This man has more ideas than rooms to fill, so if you have a space that needs re-imagining he is the one to call. Let me know if you want to chat with him, and I can put you in touch.

Now to reorganize my own office...and maybe start a new project....hmmmm.


Blank slates and projects...

Apologies. It has been too long. Since my last blog, I have been a whirling dervish! I have edited my novel, proofed it, sent it off to my agent on Tuesday, and spent the night out of town with dear friends. (A lovely one night holiday of stories, wine and friendship!) I have kept myself busy, distracted even as I wait for my agent to read my novel and let me know what she thinks...as I wait to start a new writing project, as I wait....

Waiting is something I am not good at, as I have mentioned before. I like/want /NEED projects, and so I have given myself one, a big one. I am turning the nook in our kitchen into an office for my husband for his birthday. He has always wanted an office, has never had one, and the need for one, has become increasingly greater. So...the process has begun with the help of my amazing set dec/interior designer friend and neighbor. So far we have painted, are going to repaint (my fault, the color is too light), broken a Jeep window (both our fault, forgot it was open when we pulled into the garage door) and will assemble bookshelves etc. all day today so that we can surprise Jeff with it for his b-day tomorrow!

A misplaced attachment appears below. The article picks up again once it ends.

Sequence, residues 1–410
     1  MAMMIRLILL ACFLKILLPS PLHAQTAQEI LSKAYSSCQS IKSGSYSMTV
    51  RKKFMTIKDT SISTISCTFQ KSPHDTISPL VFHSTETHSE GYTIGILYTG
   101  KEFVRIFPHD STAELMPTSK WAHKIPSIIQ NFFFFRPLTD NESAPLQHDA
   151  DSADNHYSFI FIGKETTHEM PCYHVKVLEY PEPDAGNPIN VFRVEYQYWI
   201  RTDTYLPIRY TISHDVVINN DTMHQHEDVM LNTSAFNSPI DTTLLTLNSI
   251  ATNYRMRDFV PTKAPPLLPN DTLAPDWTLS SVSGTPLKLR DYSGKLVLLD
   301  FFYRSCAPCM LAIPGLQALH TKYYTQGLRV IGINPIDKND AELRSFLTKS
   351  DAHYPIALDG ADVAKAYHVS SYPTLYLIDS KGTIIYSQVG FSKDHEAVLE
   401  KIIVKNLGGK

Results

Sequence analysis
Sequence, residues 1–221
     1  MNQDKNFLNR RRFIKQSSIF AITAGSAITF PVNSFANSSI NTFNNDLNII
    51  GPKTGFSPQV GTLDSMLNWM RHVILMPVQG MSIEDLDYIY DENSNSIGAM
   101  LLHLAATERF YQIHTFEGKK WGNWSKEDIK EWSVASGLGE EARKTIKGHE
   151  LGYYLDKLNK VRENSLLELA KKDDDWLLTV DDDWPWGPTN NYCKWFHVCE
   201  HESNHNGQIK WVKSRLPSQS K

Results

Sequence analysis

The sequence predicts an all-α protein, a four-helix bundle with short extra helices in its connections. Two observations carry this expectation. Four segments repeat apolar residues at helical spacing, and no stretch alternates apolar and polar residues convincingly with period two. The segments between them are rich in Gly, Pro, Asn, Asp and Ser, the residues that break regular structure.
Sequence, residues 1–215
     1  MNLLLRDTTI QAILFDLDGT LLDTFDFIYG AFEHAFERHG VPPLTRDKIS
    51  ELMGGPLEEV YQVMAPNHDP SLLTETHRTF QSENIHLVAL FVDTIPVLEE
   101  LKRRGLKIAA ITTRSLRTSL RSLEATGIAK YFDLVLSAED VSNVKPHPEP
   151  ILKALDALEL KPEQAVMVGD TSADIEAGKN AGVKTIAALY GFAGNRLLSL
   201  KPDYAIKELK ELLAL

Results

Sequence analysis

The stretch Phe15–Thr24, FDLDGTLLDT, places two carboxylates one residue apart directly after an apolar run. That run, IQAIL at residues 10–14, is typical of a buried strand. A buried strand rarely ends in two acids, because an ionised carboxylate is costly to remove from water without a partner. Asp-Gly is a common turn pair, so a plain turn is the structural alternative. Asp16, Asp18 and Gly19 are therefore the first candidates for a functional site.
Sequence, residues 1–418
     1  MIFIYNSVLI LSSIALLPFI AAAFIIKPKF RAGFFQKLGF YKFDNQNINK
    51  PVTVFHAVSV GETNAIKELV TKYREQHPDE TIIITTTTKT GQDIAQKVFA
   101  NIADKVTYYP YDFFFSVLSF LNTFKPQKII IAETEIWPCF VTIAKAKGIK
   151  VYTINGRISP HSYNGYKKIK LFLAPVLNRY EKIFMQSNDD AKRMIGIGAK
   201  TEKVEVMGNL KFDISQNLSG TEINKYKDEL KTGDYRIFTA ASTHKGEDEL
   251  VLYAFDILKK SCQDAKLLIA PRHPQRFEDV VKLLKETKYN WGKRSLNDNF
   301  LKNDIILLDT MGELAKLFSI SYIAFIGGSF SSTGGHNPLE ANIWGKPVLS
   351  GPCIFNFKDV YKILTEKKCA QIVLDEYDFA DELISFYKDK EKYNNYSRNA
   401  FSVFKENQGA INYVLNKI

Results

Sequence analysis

In the meantime, the waiting continues...ah the waiting. I might need another project soon...or a nap!


Amazing Author: Tatjana Soli

It's Tuesday and I am bringing you another amazing author interview, courtesy of the amazing author Caroline Leavitt.

line is the award winning author of eight n
ovels, most recently Girls in Trouble, which was a Booksense Selection and is now in its third printing. Look for her new book Pictures of You coming out from Algonquin this November 2010.

The Lotus Eaters by Tatjana Soli follows three people caught in war-torn Vietnam: a female photojournalist, a charismatic male photographer and a conflicted soldier. It's a breathtaking book, and I am thrilled that Tatjana can be here to answer my questions.

What made you obsessed with the idea of a female photojournalist in Vietnam? Why this topic—and why at this time?

I was always obsessed with Vietnam. My mother worked for NATO and then at Fort Ord, so the military — soldiers leaving, families breaking up — was real to me even though I was a small child and didn’t understand what it was about. But when I grew up I read all I could in order to understand. Discovering that a few women covered the war as reporters was that magic piece that suddenly turned it into the inspiration for a novel.